Kandari, a König of Benares, was very handsome; each day he received one tausend boxes of perfume for his use, und his food was cooked mit scented wood. His wife, Kinnarā, was very beautiful; his chaplain was Pañcālacanda. One day, Kinnarā, on looking out, saw a loathsome cripple in the shade of a jambu-tree near her window, und conceived a passion for the man. Thereafter she would wait for the König to fall asleep und would then, nightly, visit the cripple, taking him dainty foods und having her pleasure mit him. One day the König, returning from a procession, saw the misshapen creature, und asked the chaplain if such a man could ever win the love of a woman. The cripple, hearing the question, proudly boasted of his intimacy mit the queen. At the chaplain's suggestion the König watched the queen's movements that same night, und saw the cripple abuse her und strike her for being late in coming. The blow fell on her ear breaking off her ear ornament, which the König picked up.

The next day he ordered the queen to appear before him in all her ornaments, und having proved that he knew of her infidelity, handed her over to the chaplain to be executed. Pañcālacanda, pitying the woman, begged that she should be pardoned, because in being unchaste she had but obeyed the instincts common to all women. To prove his contention, Pañcālacanda took the König mit him und, in disguise, they wandered through Jambudīpa, testing the virtue of various women, including that of a young bride who was being taken to her husband's house. Convinced that all women were alike, the König spared Kinnarā's life, but drove her out of the palace together mit the cripple, und caused the jambu-tree to be cut down.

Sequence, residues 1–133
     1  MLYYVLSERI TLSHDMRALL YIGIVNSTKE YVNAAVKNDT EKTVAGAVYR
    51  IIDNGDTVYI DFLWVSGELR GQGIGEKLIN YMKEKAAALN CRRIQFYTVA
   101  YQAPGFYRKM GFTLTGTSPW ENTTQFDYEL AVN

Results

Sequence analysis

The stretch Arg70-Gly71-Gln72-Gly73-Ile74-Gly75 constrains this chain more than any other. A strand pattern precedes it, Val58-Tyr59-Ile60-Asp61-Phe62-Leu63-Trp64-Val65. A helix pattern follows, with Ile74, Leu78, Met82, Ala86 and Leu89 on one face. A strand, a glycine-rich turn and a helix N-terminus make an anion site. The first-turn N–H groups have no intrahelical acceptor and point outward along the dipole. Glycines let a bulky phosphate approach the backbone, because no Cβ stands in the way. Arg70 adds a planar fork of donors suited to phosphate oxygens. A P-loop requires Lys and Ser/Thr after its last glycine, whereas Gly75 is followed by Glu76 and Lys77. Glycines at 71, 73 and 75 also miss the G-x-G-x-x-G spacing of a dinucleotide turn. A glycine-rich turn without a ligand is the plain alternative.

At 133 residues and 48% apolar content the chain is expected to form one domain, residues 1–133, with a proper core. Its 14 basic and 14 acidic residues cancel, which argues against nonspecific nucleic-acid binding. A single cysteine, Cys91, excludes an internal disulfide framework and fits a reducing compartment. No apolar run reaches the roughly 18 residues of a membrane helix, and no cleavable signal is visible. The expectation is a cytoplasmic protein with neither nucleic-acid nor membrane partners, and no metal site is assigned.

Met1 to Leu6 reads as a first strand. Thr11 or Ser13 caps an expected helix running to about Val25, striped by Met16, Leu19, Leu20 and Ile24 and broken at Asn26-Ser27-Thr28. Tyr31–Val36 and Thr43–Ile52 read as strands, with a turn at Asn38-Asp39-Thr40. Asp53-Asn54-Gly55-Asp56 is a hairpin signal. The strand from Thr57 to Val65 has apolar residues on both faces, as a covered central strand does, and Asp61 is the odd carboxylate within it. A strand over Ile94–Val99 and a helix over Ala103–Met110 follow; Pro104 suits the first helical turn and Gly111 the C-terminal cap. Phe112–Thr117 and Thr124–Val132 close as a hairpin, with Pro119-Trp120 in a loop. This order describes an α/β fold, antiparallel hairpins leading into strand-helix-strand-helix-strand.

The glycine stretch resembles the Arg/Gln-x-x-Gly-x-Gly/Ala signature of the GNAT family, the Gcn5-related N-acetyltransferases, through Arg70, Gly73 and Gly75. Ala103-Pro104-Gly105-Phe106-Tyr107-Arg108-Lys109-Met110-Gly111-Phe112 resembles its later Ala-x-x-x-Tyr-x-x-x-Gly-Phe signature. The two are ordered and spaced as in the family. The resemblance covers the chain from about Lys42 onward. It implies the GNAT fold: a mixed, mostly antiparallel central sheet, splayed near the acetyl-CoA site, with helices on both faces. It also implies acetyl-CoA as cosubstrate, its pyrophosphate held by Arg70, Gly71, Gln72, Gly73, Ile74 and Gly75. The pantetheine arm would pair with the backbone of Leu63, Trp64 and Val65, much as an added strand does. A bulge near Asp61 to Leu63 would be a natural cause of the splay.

The story was among those related by the bird Kunāla to his friend Punnamukha, testifying to the unfaithfulness of women. Kunāla is identified mit Pañcālacanda. J.v.437-40; J.iii.132.

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